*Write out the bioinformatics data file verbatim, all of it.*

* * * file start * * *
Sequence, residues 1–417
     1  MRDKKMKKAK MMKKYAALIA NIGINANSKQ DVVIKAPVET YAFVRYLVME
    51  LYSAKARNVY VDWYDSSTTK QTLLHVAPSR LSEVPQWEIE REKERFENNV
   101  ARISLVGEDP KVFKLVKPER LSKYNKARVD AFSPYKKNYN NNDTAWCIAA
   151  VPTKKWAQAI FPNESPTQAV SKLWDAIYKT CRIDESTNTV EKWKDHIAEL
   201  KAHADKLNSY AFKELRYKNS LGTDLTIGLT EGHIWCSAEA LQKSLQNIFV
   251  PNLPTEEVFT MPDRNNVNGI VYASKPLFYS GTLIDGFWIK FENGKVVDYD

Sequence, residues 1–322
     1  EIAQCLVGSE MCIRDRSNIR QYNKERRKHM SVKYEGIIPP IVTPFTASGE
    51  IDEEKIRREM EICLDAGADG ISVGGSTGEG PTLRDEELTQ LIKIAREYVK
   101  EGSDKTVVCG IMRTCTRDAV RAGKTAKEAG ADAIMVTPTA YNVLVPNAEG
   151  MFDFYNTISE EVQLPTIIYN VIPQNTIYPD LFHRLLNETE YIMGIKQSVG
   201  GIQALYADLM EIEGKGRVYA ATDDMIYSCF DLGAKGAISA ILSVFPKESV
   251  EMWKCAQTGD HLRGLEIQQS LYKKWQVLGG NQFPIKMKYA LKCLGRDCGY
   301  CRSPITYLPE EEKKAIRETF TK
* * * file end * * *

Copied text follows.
Sequence, residues 1–417
     1  MRDKKMKKAK MMKKYAALIA NIGINANSKQ DVVIKAPVET YAFVRYLVME
    51  LYSAKARNVY VDWYDSSTTK QTLLHVAPSR LSEVPQWEIE REKERFENNV
   101  ARISLVGEDP KVFKLVKPER LSKYNKARVD AFSPYKKNYN NNDTAWCIAA
   151  VPTKKWAQAI FPNESPTQAV SKLWDAIYKT CRIDESTNTV EKWKDHIAEL
   201  KAHADKLNSY AFKELRYKNS LGTDLTIGLT EGHIWCSAEA LQKSLQNIFV
   251  PNLPTEEVFT MPDRNNVNGI VYASKPLFYS GTLIDGFWIK FENGKVVDYD

Sequence, residues 1–322
     1  EIAQCLVGSE MCIRDRSNIR QYNKERRKHM SVKYEGIIPP IVTPFTASGE
    51  IDEEKIRREM EICLDAGADG ISVGGSTGEG PTLRDEELTQ LIKIAREYVK
   101  EGSDKTVVCG IMRTCTRDAV RAGKTAKEAG ADAIMVTPTA YNVLVPNAEG
   151  MFDFYNTISE EVQLPTIIYN VIPQNTIYPD LFHRLLNETE YIMGIKQSVG
   201  GIQALYADLM EIEGKGRVYA ATDDMIYSCF DLGAKGAISA ILSVFPKESV
   251  EMWKCAQTGD HLRGLEIQQS LYKKWQVLGG NQFPIKMKYA LKCLGRDCGY
   301  CRSPITYLPE EEKKAIRETF TK